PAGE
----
North America

John Hancock taps Verily, Onduo for new diabetes management offering

All of the life insurer’s members with Type 1 or Type 2 diabetes will have access to the service, which offers savings on premiums.
By Laura Lovett
04:10 pm

Life insurer John Hancock has unveiled a new wearable program dubbed Aspire aimed at helping its members with diabetes manage the condition. The program was born out of a partnership with Verily and digital diabetes care platform Onduo. 

Users of the new platform can access diabetes coaching via Onduo’s virtual clinic. The program also has fiscal rewards. According to the company, members using the service can save up to 25% on their annual insurance premiums through healthier behaviors and life styles. Participants in the program will get rewards for maintaining a healthy A1c level or by making progress toward their target A1c level. 

Like all John Hancock members, individuals in the program will have access to Vitality, a behavior change rewards platform that is combined with a wearable. Last fall, the insurer announced that it would be giving all of its members access to the service. The idea behind Vitality was to incentivize policy holders to become more active and make healthier nutrition decisions. 

Lindsay Hanson, head of partnerships and innovation at John Hancock, said the company’s experience with the Vitality program helped hatch the idea for the full Aspire program, which will run with Vitality. 

“We believe that we can achieve great outcomes for our customers by offering more personalized experiences,” she told MobiHealthNews in an email. “At the same time, we began to understand the extent to which the life insurance industry has historically under-served people living with diabetes. In fact, of the over 30 million American living with diabetes, half don’t believe they can quality for life insurance. Furthermore, nearly half believe that if they could qualify, it would be too expensive. Around the same time, we got to know the great work that Verily and Onduo are doing and formed our partnership to bring to market the first and only life insurance designed to serve the needs of people living with diabetes.”

The service will be open to every John Hancock member living with Type 1 or Type 2 diabetes. While the service will track health, after a new customer’s underwriting class is determined during the purchase process, that class will not be changed, according to Hanson. 

While the company didn’t specify if it was developing new tools for other conditions, Hanson said the trend is toward personalized care. 

“It’s part of a larger trend of healthcare and business leaders finding ways to empower Americans to better manage their own health, in a way that best works for them — moving from reactive and passive to actively engaging in our health and wellbeing,” she said.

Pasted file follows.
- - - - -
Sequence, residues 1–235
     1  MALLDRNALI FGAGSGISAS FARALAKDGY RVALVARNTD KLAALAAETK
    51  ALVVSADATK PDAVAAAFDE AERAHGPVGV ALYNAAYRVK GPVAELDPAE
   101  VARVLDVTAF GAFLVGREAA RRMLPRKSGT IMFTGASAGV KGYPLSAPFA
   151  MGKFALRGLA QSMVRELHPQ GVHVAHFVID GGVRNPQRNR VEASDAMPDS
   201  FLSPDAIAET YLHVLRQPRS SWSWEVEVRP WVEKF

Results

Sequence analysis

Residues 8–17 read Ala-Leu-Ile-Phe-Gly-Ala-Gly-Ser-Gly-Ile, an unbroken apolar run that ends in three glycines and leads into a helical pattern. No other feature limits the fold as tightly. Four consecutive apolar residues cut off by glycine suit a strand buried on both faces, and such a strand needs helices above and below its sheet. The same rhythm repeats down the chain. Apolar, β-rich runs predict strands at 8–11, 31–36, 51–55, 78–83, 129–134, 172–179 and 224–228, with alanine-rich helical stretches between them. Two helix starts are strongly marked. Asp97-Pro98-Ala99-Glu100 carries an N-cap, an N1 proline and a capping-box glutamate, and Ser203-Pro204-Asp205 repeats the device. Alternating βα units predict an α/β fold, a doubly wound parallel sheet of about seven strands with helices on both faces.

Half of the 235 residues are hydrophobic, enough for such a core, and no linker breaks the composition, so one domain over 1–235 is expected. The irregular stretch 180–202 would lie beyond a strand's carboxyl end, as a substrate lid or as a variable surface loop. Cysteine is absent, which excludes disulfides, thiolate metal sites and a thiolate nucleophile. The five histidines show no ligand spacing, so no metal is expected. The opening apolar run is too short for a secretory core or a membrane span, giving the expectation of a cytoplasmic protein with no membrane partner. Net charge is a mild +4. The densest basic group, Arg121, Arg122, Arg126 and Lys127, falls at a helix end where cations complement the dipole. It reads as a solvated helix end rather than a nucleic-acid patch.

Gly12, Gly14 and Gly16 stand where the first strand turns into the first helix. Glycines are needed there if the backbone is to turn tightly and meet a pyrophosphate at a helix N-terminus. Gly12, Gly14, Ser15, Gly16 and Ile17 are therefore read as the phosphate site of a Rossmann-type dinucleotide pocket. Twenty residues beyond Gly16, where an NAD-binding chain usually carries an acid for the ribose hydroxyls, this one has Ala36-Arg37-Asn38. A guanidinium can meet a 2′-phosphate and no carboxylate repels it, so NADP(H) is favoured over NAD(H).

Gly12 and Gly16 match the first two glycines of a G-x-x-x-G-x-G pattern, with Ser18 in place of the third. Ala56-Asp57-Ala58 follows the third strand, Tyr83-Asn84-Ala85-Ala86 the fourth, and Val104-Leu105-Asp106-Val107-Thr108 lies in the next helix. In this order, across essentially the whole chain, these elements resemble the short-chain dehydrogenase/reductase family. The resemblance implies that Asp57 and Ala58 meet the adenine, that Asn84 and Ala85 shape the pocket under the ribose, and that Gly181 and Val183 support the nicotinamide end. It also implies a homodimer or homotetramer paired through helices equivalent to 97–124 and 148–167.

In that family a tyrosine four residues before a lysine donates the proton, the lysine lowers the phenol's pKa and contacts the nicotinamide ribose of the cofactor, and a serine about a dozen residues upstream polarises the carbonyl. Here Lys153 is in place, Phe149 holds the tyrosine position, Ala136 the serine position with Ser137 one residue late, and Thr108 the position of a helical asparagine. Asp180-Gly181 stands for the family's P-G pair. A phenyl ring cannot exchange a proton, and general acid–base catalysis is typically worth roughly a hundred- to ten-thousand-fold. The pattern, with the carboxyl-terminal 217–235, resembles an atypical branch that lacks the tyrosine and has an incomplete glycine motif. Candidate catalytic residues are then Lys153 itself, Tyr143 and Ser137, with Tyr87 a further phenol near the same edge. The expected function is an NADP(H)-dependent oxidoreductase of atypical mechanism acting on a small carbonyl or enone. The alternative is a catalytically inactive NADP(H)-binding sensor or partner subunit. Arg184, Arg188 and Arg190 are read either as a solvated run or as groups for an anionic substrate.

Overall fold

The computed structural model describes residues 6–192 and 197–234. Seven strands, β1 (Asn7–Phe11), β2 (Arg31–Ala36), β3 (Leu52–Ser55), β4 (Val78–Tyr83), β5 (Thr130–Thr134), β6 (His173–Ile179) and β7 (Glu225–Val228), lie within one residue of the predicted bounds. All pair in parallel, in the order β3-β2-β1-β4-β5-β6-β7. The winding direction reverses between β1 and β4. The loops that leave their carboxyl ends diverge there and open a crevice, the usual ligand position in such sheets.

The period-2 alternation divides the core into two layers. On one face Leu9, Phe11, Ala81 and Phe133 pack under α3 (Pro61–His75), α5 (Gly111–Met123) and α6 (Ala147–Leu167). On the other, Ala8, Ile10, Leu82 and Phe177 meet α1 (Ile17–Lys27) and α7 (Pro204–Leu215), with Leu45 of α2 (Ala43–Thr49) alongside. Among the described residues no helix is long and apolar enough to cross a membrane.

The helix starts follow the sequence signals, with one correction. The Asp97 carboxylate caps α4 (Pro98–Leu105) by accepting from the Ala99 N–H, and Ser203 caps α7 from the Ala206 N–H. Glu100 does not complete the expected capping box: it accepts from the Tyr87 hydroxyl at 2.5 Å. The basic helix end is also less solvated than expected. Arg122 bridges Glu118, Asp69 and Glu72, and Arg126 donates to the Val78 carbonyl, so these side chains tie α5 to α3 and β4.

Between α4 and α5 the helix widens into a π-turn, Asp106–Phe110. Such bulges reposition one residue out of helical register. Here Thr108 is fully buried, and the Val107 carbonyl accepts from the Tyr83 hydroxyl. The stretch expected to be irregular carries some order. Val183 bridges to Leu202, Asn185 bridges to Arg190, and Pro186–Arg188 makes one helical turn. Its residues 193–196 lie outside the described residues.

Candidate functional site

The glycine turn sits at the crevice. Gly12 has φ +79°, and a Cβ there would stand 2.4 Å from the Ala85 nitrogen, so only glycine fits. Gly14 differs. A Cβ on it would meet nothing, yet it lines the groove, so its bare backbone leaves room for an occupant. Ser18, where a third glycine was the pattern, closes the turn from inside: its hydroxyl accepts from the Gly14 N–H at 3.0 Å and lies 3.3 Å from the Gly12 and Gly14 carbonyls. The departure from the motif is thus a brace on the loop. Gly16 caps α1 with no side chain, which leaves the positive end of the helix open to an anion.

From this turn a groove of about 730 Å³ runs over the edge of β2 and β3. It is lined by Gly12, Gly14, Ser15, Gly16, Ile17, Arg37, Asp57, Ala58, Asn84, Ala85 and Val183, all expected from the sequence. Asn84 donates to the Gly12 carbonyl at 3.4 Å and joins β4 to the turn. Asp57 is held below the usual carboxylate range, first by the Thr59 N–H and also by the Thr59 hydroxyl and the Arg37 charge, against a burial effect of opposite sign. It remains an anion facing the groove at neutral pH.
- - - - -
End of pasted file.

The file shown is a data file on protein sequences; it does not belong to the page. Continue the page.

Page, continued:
The diabetes rate is rapidly increasing in the U.S., doubling in the last 20 years, according to the CDC. Currently, around 30 million Americans have the condition, according to the organization. The condition is associated with kidney failure, lower-limb amputations and adult blindness. However, life style changes, such as improving diet and exercise, can manage the condition. 


John Hancock has been interested in the digital health space for some time. Vitality was first launched more than four years ago. Last fall, the company made the program aviliable for all of its members.

But this isn’t the only life insurer interested in employing digital tools. A little over a year ago Cardiogram, a smartwatch app that uses a deep neural network technology to detect hypertension and sleep apnea, made news in September when it announced that it was teaming up with life insurer Amica Life and Greenhouse Life Insurance to offer users $1,000 in accidental death insurance for free. As part of the deal, the insurers get a chance to look at users' data.


“We think it’s very logical that the life insurance industry would work to serve the unique needs of people living with chronic conditions and try to help and improve health outcomes in the US overall,” Hanson said. “We believe strongly that life insurance companies should care a great deal about their customers living longer, and healthier lives and we’re proud to be taking meaningful steps to help achieve those outcomes.”

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(Image: "1 US Bank Note"/geralt via Pixabay, licensed under Creative Commons Zero)



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